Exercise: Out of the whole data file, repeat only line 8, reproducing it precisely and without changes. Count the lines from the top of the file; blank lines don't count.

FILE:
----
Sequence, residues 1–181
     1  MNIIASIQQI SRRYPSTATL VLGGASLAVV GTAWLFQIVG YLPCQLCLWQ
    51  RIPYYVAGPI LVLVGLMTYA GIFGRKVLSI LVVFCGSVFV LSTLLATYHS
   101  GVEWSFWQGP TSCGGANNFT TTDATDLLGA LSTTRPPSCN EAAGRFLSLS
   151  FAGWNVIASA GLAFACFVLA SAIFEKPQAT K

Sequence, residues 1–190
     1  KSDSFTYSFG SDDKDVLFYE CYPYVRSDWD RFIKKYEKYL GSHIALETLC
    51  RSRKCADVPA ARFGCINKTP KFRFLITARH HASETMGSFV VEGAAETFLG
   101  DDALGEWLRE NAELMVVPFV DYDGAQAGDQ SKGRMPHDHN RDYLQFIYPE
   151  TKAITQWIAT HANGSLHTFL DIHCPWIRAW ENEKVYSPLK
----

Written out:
    51  RSRKCADVPA ARFGCINKTP KFRFLITARH HASETMGSFV VEGAAETFLG